4,000 Gallons of Fuel and More Jail Space: How Tiny Nevada Towns Are Doomsday Prepping for "Storm Area 51"

The guys who started it as a joke event on Facebook worries about "a possible humanitarian disaster in the works.”
September 10, 2019, 3:37pm

With only 10 days until “Storm Area 51” happens, the pressure’s on in the tiny county in rural Nevada that’s expecting some 15,000 alien enthusiasts to swarm the place.

Lincoln County, Nevada (pop. roughly 5,000) is stocking up on fuel, beefing up its communications systems, and expanding its police presence and jail space — all in an effort to avoid the “humanitarian disaster” that the guy who started the whole thing is worried about.

The county authorities are expecting 15,000 to flock to two events — one that was planned for Rachel, Nevada, the other in nearby Hiko — both spawned from the viral Facebook event calling on people to storm “Area 51,” a secret government base in the Nevada desert that’s been the subject of conspiracy theories for years. In a place where there’s barely any food or gasoline, and few motels, that’ll take some boosting of its emergency response teams and infrastructure to prepare.

“It’s going to be a very, very, very busy next 10 days,” Lincoln County Sheriff Kerry Lee told the Las Vegas Review-Journal.

The sheriff’s department is setting up four new command posts around the county to police the events. They’re importing some 4,000 gallons of fuel, just for the emergency response teams. They’ve brought in trailers for staffers to work out of. And since the county jail holds only 130 — and there are currently about 100 inmates in custody there now — they’re looking at alternatives for where they’ll hold people on the minor offenses that they expect to charge people with.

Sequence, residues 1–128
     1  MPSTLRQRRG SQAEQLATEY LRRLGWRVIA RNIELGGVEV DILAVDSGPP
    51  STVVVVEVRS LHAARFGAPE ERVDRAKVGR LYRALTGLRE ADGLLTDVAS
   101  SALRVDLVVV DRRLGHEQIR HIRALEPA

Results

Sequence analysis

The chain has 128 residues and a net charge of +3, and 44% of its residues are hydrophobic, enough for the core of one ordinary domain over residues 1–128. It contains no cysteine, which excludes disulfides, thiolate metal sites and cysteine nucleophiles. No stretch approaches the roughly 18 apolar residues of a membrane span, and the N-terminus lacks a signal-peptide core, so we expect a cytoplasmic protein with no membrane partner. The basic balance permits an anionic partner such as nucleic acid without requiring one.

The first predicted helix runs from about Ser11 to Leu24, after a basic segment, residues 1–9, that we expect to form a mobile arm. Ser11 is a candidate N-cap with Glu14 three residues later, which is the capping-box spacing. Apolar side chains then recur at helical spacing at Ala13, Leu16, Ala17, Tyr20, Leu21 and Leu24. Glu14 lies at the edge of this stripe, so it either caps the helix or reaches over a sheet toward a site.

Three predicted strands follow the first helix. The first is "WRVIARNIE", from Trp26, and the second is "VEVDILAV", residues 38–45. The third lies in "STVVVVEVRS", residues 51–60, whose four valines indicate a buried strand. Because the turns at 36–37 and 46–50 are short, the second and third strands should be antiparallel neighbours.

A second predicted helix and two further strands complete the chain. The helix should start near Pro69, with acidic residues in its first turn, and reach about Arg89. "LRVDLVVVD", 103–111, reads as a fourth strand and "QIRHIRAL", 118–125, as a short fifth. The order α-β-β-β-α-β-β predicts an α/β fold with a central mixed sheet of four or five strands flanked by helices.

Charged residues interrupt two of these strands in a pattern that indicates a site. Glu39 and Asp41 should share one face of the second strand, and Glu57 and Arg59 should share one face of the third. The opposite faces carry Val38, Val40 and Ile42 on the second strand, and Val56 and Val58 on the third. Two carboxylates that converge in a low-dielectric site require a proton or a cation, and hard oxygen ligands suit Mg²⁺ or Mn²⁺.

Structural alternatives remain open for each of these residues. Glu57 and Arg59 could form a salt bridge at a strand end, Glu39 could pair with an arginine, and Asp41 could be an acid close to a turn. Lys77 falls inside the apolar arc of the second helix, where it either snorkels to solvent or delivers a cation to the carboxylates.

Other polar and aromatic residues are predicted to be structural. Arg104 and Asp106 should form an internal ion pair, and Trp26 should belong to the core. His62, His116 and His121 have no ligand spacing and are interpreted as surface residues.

Local authorities even got Verizon to step in to bolster their communication network in the middle of the desert, according to the Review-Journal. They’ll have satellite phones on hand, and they’re expanding internet connectivity in the county.

And it’s likely that the county will wind up footing the bill for the whole operation. They’re expecting local officials to log as much as $30,000 in overtime, the sheriff told the local paper.

“Right now the county is soaking up the entire bill,” Lee told the Review-Journal.

The guy who started the “Storm Area 51” Facebook event as a joke a few months ago, Matty Roberts, tried again on Monday to pull the plug on the festival that snowballed out of the joke. He’s hoping to redirect people away from Rachel, Nevada, toward an event on the same day in Las Vegas.

Still, there’s another event planned in next-door Hiko — called Area 51 Basecamp — and the movement to “see them aliens,” as the original Facebook event called for, is largely out of organizers’ control.

“We are not interested in, nor will we tolerate any involvement in, a FYREFEST 2.0,” Roberts said in a statement. “We foresee a possible humanitarian disaster in the works, and we can’t participate in any capacity at this point.”

Cover: In this July 22, 2019 photo, Linda Looney restocks shirts at the Alien Research Center, a gift shop on the Extraterrestrial Highway, in Crystal Springs, Nev. (AP Photo/John Locher)